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Now I've tried raytraced Quake II, and it's a dark delight

The other week, I got my y-fronts in a bunch about how some clever fella had added raytracing to Quake II. A 22-year-old first-person shooter had effectively beaten everyone else to the punch when it came to the new*, more naturalistic form of game lighting currently only available (at least without calamitous performance) on the most recent Nvidia RTX cards. (You can do it a bit, sort of, in Battlefield V, but that’s it for now).

But I couldn’t play the bally thing, as I didn’t have an RTX graphics card. Now I do, for a bit, so I’ve been back to give 1997’s old Stroggs a 2019 paint job. Here’s a spot of compare and contrast, and quick thoughts on whether or not it was worth it.

I’ll start with a video, as screenshots don’t really sell how the new lighting system looks in motion, as characters move around and shadows shift over them, as lights work like lights rather than brightly-coloured spots, as dark corners are as black as that Dr Oetker pizza you left in the oven for three hours by mistake that one time.

It’s nice, in short. Not slap-me-round-the-face-and-call-me-Nigel startling, which is as much to do with it being Quake II, always the worst-looking of all the id Quakes, underneath it as anything else, but there’s a ton of atmosphere, particularly as enemies burst from the gloom. I’m especially struck, though, by the shadowing on the spinning gun at approx 16 seconds in. You didn’t get that on a Voodoo 2.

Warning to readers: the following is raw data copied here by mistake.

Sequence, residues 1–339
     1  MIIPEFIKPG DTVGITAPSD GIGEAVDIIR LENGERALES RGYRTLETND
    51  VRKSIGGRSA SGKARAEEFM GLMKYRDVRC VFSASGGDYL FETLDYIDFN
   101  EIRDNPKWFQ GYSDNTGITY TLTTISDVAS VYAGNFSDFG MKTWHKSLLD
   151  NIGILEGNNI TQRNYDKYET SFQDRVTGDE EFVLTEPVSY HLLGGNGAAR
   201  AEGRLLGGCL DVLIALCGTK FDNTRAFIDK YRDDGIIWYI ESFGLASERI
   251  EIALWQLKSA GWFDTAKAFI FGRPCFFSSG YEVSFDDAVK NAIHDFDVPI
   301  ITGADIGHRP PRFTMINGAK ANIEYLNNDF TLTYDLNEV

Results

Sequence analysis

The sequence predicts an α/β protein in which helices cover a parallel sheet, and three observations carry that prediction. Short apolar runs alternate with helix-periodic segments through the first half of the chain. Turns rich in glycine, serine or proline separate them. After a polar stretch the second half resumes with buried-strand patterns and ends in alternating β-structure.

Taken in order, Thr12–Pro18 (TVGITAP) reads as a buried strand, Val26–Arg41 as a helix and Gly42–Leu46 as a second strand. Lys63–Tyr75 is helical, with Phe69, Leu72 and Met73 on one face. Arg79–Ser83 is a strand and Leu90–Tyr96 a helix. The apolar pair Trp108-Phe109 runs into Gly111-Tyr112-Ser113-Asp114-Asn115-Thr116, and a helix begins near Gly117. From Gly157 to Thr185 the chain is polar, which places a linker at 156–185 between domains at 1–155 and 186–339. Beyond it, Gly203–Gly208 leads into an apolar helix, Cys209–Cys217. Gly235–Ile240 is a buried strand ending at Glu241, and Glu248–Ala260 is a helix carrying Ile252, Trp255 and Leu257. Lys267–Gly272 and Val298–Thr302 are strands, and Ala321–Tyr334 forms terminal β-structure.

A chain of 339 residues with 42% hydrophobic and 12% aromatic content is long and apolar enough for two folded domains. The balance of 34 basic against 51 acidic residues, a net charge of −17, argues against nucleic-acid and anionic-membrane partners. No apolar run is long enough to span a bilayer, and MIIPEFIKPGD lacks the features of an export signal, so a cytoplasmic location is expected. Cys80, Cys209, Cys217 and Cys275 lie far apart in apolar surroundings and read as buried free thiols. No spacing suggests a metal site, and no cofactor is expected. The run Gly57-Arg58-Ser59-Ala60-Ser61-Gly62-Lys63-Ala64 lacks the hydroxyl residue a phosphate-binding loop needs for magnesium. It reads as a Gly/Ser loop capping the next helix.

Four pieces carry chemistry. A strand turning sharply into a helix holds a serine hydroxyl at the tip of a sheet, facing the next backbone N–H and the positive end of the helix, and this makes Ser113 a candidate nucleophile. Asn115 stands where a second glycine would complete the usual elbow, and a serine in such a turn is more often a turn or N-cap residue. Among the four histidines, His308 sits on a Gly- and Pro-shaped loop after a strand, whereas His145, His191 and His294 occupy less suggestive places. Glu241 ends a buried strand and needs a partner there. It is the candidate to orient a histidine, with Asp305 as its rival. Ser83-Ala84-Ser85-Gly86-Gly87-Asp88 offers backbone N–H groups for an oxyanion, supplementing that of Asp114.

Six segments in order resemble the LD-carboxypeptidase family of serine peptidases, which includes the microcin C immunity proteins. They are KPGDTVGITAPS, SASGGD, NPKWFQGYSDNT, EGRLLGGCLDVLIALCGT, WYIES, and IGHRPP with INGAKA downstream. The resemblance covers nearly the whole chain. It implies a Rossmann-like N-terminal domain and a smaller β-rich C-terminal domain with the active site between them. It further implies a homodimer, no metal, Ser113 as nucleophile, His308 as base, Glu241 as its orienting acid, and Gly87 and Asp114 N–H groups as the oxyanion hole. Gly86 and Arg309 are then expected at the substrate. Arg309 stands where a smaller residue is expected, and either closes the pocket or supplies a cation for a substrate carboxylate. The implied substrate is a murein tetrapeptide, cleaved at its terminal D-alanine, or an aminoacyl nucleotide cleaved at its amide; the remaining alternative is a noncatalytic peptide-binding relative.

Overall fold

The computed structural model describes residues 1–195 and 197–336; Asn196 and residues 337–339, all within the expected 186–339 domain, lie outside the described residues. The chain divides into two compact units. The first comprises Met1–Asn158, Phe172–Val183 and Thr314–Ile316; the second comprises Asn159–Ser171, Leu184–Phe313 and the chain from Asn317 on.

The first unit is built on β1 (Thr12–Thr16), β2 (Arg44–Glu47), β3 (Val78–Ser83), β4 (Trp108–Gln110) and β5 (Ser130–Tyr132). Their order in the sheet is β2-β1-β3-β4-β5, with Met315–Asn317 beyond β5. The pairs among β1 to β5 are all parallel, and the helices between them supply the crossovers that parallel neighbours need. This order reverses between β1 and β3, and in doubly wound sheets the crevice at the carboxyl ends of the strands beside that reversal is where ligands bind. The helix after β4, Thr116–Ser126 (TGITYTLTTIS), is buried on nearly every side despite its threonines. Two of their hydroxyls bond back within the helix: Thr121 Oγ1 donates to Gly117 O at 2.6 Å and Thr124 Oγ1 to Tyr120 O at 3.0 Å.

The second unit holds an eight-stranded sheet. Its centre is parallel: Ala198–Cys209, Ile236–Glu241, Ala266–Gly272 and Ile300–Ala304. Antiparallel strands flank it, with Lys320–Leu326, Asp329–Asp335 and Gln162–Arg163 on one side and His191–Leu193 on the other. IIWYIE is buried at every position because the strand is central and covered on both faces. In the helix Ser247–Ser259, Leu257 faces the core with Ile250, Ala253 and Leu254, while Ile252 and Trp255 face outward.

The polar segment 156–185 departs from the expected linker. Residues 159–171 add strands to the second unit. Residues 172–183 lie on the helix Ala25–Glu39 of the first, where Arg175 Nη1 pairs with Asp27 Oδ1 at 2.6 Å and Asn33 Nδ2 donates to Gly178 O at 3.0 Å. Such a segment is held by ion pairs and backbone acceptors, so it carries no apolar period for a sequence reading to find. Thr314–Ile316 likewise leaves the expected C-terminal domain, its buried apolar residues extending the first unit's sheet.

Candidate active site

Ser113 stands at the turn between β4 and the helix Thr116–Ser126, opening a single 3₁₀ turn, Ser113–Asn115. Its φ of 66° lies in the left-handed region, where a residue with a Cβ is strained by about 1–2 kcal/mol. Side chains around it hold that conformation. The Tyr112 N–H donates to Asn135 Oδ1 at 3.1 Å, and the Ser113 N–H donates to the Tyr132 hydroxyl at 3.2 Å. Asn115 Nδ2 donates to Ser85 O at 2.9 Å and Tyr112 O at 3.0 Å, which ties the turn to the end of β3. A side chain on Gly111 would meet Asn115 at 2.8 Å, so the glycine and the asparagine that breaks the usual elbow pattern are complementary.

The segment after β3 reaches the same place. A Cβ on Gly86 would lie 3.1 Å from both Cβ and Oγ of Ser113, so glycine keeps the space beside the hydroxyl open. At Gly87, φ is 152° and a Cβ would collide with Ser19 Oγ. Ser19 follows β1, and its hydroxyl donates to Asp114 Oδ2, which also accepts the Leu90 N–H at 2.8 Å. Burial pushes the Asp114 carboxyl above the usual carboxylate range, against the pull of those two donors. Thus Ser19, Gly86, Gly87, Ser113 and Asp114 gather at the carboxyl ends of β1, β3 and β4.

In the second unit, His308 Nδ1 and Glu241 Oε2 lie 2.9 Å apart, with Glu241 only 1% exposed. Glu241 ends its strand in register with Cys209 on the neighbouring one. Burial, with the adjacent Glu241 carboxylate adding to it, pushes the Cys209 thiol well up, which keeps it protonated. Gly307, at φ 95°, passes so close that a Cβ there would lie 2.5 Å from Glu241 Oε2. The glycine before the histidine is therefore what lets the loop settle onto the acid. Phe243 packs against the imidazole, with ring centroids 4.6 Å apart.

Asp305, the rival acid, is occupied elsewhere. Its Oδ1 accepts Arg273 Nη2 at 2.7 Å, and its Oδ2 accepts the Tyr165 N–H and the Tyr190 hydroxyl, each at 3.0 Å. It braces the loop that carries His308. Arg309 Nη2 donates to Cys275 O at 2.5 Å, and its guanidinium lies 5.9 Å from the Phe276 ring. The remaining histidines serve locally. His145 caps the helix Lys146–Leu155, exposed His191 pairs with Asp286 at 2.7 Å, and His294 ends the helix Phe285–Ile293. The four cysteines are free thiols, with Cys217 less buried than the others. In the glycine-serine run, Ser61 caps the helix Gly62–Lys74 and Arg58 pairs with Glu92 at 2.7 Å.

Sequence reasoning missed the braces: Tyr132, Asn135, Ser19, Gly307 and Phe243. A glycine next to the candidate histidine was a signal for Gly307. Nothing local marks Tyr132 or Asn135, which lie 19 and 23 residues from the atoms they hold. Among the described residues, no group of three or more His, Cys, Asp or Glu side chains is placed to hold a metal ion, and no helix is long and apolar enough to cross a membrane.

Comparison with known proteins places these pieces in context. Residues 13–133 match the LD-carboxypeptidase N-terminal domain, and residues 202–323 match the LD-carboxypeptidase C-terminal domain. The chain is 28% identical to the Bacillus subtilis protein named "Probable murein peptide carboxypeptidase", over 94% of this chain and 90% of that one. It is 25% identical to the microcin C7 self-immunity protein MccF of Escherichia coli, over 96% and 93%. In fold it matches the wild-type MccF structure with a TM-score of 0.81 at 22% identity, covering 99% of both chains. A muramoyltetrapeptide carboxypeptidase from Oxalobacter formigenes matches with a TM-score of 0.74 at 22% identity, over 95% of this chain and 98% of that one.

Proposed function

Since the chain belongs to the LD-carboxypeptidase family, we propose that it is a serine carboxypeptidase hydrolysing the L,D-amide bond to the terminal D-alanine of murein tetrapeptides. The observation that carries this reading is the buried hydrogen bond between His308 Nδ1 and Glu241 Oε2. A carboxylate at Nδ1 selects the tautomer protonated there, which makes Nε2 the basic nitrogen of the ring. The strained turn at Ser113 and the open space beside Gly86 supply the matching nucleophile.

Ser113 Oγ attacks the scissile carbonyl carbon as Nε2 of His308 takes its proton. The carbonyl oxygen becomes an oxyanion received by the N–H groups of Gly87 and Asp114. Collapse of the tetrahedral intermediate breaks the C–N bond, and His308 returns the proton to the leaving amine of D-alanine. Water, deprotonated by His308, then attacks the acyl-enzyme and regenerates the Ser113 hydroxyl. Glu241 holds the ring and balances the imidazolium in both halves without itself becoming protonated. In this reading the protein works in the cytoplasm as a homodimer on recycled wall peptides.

Here’s the before and after, in case your mind is playing tricks. OG Quake II on the left, ray-traced Quake II (in the Q2Pro client) on the right. Click for fullscreen.

The obvious thing to say it that, though the lighting’s all fancy, something of the original, beyond-murky aesthetic is clearly lost. Because lights actually cast light, as opposed to offering all the illumination of a pound-shop keyring torch, the whole scene is far brighter and more colourful. The sinister, glowering quality is diminished, at least in scenes like that – for instance, a lot of the light there comes from the sky.

The flispside of that is that when a scene has minimal light sources in it, the sense of depth and distant darkness is pretty dang glorious:

Furthermore, explosions are an absolute delight, lighting up the whole place like nobody’s business. Here’s before…

…and after:

Performance isn’t too bad. I’m running it on an Nvidia GeForce RTX 2080 card at 1440p and 30 frames is more common than 60 frames, but it’s more than playable (less so at 4K, for what it’s worth). Even so, the idea of a 22-year-old game making a £700 graphics card strain like this would be funny if it wasn’t so disturbing.

The real sting in the tail is that Christoph Schied’s path-traced Quake II mod depends on real-time noise-filtering to look as good as it does. Without that, you get a spotty mess, the consequence of thousands of different light-rays ‘painting’ the scene, as seen in earlier attempts at this sort of thing here. Sometimes, that filtering blips out for a moment, and so I’m irregularly seeing frames like this:

Only once in a while though, and only when very close to another object. I can live with it, given how good everything else looks. Obviously, I’m keen to see this happen in prettier, more recent games, though whether current hardware can truly keep up is a bit of an open question until more ray-traced stuff gets released.

*(Ray-tracing as a tech has been around for years, but as something we can do in games on home computers in decently-performing real-time, it’s only really kicking off right about now – and even then only in a limited capacity.)

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Alec Meer

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Co-founder of RPS. Dungeon Keeper & X-COM 4 Life.

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